We have already met Theodore Weld in the third essay of this series (October 1974). There we noticed his role in generating the 1834 debates on slavery at Cincinnati’s Lane Theological Seminary. Trustee efforts to block a student anti-slavery society and to prevent their work among local blacks led to the “Lane Rebellion” in which abolitionist students withdrew to the newly founded Oberlin College, a major center of “Christian radicalism” produced by the revivalism of evangelist Charles G. Finney.
But Theodore Weld deserves more than that brief mention. The Lane debates were only one incident in a distinguished career full of meaning not only for his time but for ours. According to the Dictionary of American Biography, “Weld was not only the greatest of the abolitionists; he was also one of the greatest figures of his time.” Yet Weld was nearly lost to history and it is only by a strange twist of events that we know as much about him as we do.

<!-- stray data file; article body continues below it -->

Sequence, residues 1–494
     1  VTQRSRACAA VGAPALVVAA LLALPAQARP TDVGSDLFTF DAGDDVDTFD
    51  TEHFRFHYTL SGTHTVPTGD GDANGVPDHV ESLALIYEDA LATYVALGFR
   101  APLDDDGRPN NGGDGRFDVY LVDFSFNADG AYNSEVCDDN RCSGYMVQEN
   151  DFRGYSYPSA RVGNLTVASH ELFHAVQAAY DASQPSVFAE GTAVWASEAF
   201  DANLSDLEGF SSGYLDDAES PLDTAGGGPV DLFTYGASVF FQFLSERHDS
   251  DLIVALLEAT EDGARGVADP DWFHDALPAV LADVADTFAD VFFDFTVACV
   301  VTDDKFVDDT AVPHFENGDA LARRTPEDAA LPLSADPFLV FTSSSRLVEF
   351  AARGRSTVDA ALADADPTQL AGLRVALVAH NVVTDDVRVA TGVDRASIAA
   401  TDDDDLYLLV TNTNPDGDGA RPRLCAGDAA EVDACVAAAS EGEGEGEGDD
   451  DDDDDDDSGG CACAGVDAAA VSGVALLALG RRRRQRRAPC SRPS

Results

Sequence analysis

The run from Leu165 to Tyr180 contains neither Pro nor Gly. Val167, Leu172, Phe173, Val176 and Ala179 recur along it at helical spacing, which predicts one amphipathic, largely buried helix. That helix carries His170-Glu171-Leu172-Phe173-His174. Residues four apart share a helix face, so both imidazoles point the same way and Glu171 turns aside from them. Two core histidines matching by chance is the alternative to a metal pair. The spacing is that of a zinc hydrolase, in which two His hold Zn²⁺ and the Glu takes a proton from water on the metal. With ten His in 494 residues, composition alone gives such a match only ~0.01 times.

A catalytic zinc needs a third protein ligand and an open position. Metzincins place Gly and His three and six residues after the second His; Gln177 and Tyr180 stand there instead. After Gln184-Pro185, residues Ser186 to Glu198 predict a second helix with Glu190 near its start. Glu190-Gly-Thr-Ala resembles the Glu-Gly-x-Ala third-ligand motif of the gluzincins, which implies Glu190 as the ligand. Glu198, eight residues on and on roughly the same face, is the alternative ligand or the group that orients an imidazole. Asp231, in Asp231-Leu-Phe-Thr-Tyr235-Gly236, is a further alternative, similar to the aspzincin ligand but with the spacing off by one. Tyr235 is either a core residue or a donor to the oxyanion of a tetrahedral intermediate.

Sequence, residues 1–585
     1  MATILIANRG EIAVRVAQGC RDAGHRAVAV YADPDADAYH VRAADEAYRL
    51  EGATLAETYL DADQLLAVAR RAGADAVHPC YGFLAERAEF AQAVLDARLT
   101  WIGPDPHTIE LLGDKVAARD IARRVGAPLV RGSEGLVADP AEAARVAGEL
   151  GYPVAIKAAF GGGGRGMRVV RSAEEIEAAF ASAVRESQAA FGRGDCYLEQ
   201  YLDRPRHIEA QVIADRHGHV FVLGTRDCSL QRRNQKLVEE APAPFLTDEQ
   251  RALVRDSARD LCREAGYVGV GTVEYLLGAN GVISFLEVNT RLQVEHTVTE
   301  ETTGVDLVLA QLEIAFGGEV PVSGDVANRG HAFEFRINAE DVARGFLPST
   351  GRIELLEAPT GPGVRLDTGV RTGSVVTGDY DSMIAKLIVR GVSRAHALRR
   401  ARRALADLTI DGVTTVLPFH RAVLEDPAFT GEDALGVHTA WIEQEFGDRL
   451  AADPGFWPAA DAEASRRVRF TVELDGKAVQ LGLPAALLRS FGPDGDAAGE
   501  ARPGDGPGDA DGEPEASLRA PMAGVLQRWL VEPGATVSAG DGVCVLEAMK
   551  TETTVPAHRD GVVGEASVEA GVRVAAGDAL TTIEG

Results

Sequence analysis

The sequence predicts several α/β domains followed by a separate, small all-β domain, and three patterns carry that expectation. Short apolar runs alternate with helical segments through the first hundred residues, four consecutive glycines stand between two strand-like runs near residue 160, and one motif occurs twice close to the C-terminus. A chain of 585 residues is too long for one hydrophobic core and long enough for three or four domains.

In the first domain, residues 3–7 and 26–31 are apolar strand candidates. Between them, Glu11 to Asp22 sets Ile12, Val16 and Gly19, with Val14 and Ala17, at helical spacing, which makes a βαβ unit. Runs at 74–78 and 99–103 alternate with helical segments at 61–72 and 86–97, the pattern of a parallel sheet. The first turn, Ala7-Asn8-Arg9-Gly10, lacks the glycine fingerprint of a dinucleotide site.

By natural modesty and firm convictions Weld resisted all efforts to thrust himself into prominence. He declined the professorship of theology at Oberlin, insisting that it should go to Finney, and the executive secretaryship of the American Anti-Slavery Society, arguing that his own work was in the ranks. He refused all invitations to speak at anti-slavery conventions because he “loathed” such “ostentatious display” and feared the “habit of gadding” from one convention to another. Weld would not let his speeches and letters be printed and published his books anonymously. He shunned the press and worked in the “West” away from the Eastern centers of influence. He chose, moreover, the obscurity of working in small towns “among the yeomanry,” self-consciously arguing that “the great cities ... must be burned down by bock fires. The springs to touch lie in the country.”